This map shows the entire dome of the sky overhead flattened into a circle. The outer edge of the circle represents the horizon. Our imaginary moon migration detector is sort of like a fence the birds must cross to reach the other half of the sky. It should give us an approximate idea of how many birds pass through the entire sky during an evening of nocturnal migration. — created with Stellarium
After reading the news about all the broadwing hawks passing over Duluth’s Hawk Ridge Monday, I decided to look more closely at the moon last night through the telescope and actually count the birds I saw crossing its face (see 9/15 blog below). I observed for 15-20 minutes around 11:15 p.m. when the moon was well up in the southeastern sky. At 76x magnification, the little flapping silhouettes zipped by at the rate of one every five to 55 seconds. The average was about one bird every 15-20 seconds or three per minute. They were clearly migrating, since all the birds crossing the moon flew east to west and moved in a steady stream.
The four per minute rate, if extended later into the night, would come to about 3 x 60 minutes or 180 birds per hour. This isn’t a huge number until you realize that the moon covers only a tiny portion of the sky, an amount equal to 1/2 of one degree or a half a pinky finger at arm’s length. That’s when I realized that to get a clearer picture of how many birds were really flying over my house, I’d have to build an imaginary moon migration detector.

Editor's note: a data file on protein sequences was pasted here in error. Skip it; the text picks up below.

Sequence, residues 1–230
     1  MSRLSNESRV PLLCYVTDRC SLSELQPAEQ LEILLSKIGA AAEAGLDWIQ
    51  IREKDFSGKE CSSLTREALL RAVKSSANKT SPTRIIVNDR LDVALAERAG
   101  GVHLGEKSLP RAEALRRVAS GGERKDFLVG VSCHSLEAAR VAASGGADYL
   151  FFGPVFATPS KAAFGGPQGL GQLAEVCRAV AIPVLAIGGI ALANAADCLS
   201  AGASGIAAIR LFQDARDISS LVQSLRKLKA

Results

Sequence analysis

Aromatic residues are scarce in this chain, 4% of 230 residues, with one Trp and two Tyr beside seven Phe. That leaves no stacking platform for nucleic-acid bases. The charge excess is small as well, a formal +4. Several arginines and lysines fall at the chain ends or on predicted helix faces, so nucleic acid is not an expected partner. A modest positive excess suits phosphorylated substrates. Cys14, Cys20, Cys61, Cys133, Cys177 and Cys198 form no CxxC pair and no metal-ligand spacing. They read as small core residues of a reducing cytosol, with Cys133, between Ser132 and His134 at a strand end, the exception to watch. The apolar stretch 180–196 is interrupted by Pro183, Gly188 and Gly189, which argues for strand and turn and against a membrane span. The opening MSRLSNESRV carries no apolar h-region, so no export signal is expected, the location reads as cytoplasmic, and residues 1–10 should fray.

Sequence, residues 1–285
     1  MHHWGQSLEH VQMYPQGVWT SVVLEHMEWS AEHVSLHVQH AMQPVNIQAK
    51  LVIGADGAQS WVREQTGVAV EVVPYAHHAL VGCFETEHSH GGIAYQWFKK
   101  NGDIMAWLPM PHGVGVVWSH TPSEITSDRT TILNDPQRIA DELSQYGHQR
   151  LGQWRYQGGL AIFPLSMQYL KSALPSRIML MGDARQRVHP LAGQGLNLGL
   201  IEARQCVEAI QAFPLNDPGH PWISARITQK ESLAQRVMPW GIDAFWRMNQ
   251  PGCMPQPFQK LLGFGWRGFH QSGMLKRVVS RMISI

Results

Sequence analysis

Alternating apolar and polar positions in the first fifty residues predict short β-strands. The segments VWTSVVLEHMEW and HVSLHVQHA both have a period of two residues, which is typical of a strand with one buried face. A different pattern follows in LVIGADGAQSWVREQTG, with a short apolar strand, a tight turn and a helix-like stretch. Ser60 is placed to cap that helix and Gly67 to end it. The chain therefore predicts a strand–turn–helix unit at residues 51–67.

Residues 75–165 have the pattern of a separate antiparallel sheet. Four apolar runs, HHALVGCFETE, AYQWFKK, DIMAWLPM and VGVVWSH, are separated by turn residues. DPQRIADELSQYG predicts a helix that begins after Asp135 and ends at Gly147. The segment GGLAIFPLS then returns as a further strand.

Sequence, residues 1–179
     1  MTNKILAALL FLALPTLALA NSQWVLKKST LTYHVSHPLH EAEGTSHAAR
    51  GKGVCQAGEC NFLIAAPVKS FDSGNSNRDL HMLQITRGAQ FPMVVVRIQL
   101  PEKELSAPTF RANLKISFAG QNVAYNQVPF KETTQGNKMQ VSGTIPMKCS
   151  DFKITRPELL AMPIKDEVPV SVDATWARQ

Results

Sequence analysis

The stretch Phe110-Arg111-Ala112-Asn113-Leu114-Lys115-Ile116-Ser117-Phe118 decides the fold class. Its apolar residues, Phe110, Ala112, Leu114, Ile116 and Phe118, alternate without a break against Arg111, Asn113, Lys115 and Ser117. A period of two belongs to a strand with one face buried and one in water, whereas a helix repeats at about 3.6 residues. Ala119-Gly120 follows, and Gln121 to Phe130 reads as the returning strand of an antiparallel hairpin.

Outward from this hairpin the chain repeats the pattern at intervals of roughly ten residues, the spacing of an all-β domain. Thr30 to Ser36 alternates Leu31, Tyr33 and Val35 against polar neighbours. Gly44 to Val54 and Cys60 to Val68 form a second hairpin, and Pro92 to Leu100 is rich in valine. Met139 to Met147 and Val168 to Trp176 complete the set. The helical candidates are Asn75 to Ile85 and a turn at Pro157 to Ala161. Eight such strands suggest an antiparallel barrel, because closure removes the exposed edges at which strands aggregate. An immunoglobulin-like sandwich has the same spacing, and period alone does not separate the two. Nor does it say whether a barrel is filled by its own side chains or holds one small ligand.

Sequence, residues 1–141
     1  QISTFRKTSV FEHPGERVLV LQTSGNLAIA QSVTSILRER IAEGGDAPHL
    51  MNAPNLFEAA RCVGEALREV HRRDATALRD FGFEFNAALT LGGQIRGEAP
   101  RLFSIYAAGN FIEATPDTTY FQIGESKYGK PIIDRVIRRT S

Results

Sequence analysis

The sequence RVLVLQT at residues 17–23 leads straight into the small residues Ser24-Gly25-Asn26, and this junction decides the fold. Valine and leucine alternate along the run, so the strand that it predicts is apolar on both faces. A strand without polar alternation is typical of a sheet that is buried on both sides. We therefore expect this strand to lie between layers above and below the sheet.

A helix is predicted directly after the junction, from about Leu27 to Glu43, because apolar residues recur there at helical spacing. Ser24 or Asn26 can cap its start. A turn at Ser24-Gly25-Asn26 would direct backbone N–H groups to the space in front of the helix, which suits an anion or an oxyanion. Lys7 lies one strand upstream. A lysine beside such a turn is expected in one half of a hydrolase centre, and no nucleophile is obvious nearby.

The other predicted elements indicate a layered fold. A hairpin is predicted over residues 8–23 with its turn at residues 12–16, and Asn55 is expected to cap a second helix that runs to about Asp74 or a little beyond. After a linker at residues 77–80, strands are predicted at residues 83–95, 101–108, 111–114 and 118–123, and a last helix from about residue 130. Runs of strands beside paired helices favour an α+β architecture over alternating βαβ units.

The detector would consist of an arc of moons reaching across the sky from the north to the south horizons. We all know that a circle contains 360 degrees. Our arc would be a half-circle and measure 180 degrees long. Since the moon’s a half a degree across, it would take 360 moons lined up side by side to stretch the distance. Still with me? Good. Now, no matter where in the east our migrating birds flew from, they’d have to pass in front of one of our imaginary moons as they winged westward.
Recall that about 180 birds per hour passed the moon last night. If we assume that same number crosses all 360 moons in our detector, the total number of birds flying through the entire sky would be something like 64,800 birds per hour. Holy heck! That’s a lot of birds.
OK, ready to take one more step out on a limb? The moon was visible in a dark sky from about 7:30 p.m. last night to 5:30 a.m. this morning — 10 hours. Just for fun now, let’s say that the rate of migration didn’t change at all during the night. That would mean that 64,800 x 10 hours or 648,000 birds flew over my house. Sounds crazy but who knows.
A "kettle" of hawks ride a thermal of air above Hawk Ridge in Duluth. Photo: Justin Hayworth / Duluth News Tribune
I realize these are all approximations and not solid science. I’m assuming the flight rate will be constant for the hour, and that the density of birds from horizon to overhead will average out. My estimates are also for one night only when the winds were favorable. Still it does give one an idea of how many of our feathered friends are fleeing the north for the south. It’s truly exciting to think of how alive the night air above must be this month with the flutter of their wings.
Moonlight shines through a picket fence last night (Sept.16). Photo: Bob King / Duluth News Tribune